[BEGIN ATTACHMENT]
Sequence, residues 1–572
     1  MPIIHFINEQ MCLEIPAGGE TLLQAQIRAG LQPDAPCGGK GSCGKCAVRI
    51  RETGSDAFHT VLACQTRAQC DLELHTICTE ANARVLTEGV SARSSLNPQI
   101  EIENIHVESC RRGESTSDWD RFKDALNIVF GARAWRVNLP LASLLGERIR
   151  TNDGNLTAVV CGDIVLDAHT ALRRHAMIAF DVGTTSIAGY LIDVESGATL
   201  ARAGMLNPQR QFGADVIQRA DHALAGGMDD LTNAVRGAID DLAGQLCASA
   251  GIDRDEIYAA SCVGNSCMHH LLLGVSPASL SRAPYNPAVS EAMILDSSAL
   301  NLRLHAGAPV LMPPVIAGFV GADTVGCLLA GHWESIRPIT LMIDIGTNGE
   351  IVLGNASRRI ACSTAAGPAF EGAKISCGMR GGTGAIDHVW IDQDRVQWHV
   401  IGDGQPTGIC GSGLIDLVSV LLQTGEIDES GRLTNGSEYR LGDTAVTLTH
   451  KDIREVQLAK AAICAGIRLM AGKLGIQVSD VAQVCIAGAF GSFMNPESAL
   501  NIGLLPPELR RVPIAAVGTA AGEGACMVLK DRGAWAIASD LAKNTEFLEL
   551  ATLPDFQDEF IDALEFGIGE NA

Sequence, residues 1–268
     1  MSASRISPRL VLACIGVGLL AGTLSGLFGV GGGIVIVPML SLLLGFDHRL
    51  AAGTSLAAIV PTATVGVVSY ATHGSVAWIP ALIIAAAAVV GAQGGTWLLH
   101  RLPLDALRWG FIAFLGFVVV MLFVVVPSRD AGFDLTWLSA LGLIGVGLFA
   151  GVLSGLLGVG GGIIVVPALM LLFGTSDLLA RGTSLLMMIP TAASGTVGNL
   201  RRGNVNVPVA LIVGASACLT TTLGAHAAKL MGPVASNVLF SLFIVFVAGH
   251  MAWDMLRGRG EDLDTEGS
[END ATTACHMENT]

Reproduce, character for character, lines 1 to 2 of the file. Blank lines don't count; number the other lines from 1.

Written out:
Sequence, residues 1–572
     1  MPIIHFINEQ MCLEIPAGGE TLLQAQIRAG LQPDAPCGGK GSCGKCAVRI